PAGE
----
With the recent passage and signing of the 2023 National Defense Authorization Act, the requirement that all service members receive a COVID-19 vaccination has been rescinded. The Department of Defense (DoD) has already begun taking quick action to remove these policies and issue new orders to command in order to help the armed forces reset to their pre-COVID operating procedures. While service members still have lingering questions about how these new policies will impact their eligibility to serve or their ability to seek some recourse, the DoD’s recent policy memo, “Recission of August 24, 2021 and November 30, 2021 Coronavirus Disease 2019 Vaccination Requirements for Members of the Armed Forces,” answers some of those questions.
Regardless, many questions still remain when it comes to how the recission of the COVID-19 vaccine mandate will impact service members. Just because the mandate has been lifted does not imply it is the end-all-be-all for current legal battles, and those that did suffer because of it will likely look to seek some form of compensation or be reinstated in some capacity.
The past few years have demonstrated if anything, that it will be difficult for service members to obtain relief after having their request for a medical, administrative, or religious exemption denied. While this wasn’t the first time the government has required service members to take a mandatory vaccine that service members hoped to avoid, knowing what options are available to you is crucial when making decisions related to your career and personal health.
According to the new policy, service members cannot be discharged “solely on the basis of their refusal to undergo the COVID-19 immunization if they requested an accommodation for religious, administrative, or medical reasons.” Furthermore, the policy directs the Secretaries of the Military Departments to discontinue any continuing reviews for service members who are still awaiting a decision on an administrative, medical, or religious exemption to the COVID-19 vaccine mandate.
Having stated that, all other departmental immunization policies and practices will continue to be in force. When deciding whether to deploy, assign, or make other operational choices, the departments still have the right to evaluate a service member’s immunization status.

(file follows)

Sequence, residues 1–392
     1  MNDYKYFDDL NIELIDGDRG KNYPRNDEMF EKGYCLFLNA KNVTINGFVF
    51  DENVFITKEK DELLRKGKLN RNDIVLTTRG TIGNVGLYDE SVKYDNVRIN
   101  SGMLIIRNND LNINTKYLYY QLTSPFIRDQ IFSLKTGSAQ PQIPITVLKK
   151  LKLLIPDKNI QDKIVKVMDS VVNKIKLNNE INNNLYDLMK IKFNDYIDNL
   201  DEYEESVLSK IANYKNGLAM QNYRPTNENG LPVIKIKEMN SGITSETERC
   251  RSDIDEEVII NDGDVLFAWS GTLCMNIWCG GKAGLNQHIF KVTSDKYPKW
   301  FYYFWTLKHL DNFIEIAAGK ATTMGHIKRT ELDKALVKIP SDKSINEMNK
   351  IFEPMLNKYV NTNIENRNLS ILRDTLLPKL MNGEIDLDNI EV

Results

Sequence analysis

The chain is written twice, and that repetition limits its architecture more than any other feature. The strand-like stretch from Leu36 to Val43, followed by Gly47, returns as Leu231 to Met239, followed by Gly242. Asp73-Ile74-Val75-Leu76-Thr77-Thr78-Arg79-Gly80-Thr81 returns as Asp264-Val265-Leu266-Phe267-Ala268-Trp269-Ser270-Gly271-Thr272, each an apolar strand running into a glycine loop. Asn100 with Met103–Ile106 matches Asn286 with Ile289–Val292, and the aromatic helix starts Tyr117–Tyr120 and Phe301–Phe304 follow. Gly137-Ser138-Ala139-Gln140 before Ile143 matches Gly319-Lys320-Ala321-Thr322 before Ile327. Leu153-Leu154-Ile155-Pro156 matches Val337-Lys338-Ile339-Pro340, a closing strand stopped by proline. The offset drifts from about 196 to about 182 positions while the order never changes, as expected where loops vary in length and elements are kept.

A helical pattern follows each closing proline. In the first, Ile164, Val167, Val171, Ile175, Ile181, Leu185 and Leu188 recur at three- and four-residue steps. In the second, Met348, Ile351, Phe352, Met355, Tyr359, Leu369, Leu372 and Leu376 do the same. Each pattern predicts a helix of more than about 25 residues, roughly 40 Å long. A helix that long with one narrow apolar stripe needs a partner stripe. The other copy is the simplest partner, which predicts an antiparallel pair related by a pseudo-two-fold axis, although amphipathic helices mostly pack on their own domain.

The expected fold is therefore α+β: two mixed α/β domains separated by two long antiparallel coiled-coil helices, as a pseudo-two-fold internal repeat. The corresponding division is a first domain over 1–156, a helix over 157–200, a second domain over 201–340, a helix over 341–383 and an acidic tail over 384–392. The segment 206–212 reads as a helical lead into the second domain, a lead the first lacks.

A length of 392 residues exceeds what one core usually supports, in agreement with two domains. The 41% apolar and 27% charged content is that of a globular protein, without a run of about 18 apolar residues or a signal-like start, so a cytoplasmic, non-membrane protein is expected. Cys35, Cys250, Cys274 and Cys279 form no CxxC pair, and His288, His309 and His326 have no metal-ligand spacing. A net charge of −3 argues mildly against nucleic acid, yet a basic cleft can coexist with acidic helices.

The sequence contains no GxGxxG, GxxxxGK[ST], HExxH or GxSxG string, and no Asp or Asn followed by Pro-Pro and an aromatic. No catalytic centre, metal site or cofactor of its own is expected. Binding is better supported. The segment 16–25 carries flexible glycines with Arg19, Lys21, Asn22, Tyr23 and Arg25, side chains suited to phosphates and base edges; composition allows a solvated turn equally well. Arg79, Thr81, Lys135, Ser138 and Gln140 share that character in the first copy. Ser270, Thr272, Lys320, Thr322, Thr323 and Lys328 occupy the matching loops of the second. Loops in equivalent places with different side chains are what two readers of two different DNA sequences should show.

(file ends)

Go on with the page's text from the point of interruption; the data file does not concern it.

The new policy mandates the erasure of bad paperwork for the thousands of service members who had their requests denied and received reprimands. However, doubts remain for those who received a reprimand and were prevented from favorable personnel actions such as promotion, as well as those officers who were two-time non-selects for promotion to the next higher grade as a result of that bad paperwork.
The policy also directs the thousands of service members who have already been separated due to their refusal of the COVID-19 vaccine to apply to their individual Military Department’s Discharge Review Boards if they obtained a classification of service of Under Other Than Honorable Conditions. For these individuals, there are still unanswered questions regarding their right to reenlist after separation when the only reason for their separation was a refusal to be vaccinated. People who want to modify their RE code must submit a petition to the Board for the Correction of Military/Naval Records for their relevant branch.
While it is still unclear as to all of the avenues for recourse service members will have when it comes to seeking some sort of compensation for what the government has done to them, service members who were personally impacted by the vaccine mandate should keep a close eye on any developments or new policies released by the DoD to best restore their careers and get what they deserve.
Watch our recent webinar for an overview of what options are available for military personnel, and the potential ramifications for not taking the COVID-19 vaccine.
Since the vaccine mandate announcement, Tully Rinckey’s military law attorneys have been providing commentary to news and media outlets across the country. Please see the news stories and articles below featuring our attorneys:
For over 15 years, Tully Rinckey attorneys have assisted service members from all branches of the military. Our military law team were service members long before they became attorneys. They know the military, they know the law, and are ready to fight hard on your behalf. If you have issues taking the mandatory COVID-19 vaccine, you do have options, and our team of military lawyers is here to assist you every step of the way.